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    $\begingroup$ Lassse: I am asking about the boundary curves $\partial(M_i)$ which are analytic for all $i$ and all $K$. For example, if $K=2$, then $\partial(M_1)$ is the circle $|c|=2$, $\partial(M_2)$ is the curve $|c^2+c|=2$, $\partial(M_3)$ is the curve $|(c^2+c)^2+c|=2$, etc. $\endgroup$ Dec 8, 2010 at 14:49
  • $\begingroup$ I thought you were asking about the limit of these curves, which is the boundary of the Mandelbrot set? I should mention that a more natural approximation of the boundary of the Mandelbrot set would be via the level sets of the uniformizing function of the complement of $M$ ("equipotentials"). If $K$ is sufficiently large, these equipotentials will be close to the curves you describe. $\endgroup$ Dec 8, 2010 at 17:56

To expand on Gerald Edgar's answer, some key phrases for you to look into are "Douady-Hubbard potential" and "external rays."

An external ray is the image of the ray $\arg z = \theta$ for fixed $\theta$ under Gerald's conformal map $\psi$.

The Douady-Hubbard potential is just the harmonic conjugate of the external ray argument: it's the potential for which the external rays are the field lines.

I'm pretty sure it hasn't been proved that $\psi(\zeta)$ is well defined for all $\zeta$ on the unit circle, but I think it is conjectured to be so. (Sometimes this is phrased as saying that the external ray "lands.") However, the external rays at rational angles $2\pi m/n$ are known to land, and moreover, the dynamics at the landing points on the boundary is related to the fraction $m/n$ in a really nice way. (There's an analogy between the doubling map $\theta \mapsto 2\theta$ on the circle and holomorphic maps $z\mapsto z^2+c$, and the dynamics of $\theta$ under the first map are related to the dynamics of the $z\mapsto z^2+c_\theta$ map, where $c_\theta$ is the landing point of the corresponding ray on the boundary of the Mandelbrot set.) Thus, this parametrization of the boundary is indeed an important and natural object (if it is well defined, as conjectured).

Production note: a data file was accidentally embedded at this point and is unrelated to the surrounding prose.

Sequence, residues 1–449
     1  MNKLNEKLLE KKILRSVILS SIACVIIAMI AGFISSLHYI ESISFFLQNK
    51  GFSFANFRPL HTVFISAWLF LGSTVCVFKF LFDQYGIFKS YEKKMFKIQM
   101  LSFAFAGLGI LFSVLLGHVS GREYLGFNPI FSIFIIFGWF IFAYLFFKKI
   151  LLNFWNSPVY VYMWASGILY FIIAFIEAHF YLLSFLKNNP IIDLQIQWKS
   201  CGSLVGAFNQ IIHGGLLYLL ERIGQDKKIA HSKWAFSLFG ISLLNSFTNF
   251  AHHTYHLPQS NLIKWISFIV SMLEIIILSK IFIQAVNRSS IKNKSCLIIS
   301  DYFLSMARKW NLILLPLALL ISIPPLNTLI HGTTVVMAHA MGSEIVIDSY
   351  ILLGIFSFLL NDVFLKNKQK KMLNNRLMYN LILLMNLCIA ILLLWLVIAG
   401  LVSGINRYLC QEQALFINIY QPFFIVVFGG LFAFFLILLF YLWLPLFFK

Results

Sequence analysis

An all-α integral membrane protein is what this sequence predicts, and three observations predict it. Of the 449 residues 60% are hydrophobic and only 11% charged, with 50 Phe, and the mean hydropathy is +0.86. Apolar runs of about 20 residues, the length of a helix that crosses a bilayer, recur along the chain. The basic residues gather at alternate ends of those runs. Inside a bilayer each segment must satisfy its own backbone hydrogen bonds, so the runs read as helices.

$\psi(w)$ is called Jungreis function
Mandelbrot set boundary as the image of unit circle under Jungreis function

Here are some images, code and description showing some parametrisations :

https://commons.wikimedia.org/wiki/File:Jungreis.svg - using Jungreis function


circle to boundary parametrisation


Newton method :


circle to component ( or its part) :



My conjecture would be that such a parametrization would not work. Try something similar for a simpler (in certain viewpoints) structure such as a Koch snowflake. Would your approach to parametrization allow you to generate a function based on $n$, the number of recursive iterations used to generate the snowflake to a certain depth? I would think not. You might be able to, at least for the Koch curve, parametrize the "rubber band" hull around it, but that would be trivial for most recursively defined objects.


Take a look at "External Angles". Apparently a line coming in from infinity at any angle, always staying perpendicular to the potential lines, will eventually touch on the set.



I'm still trying to figure out the exact math behind them myself. His Haskell sources are crypto to me.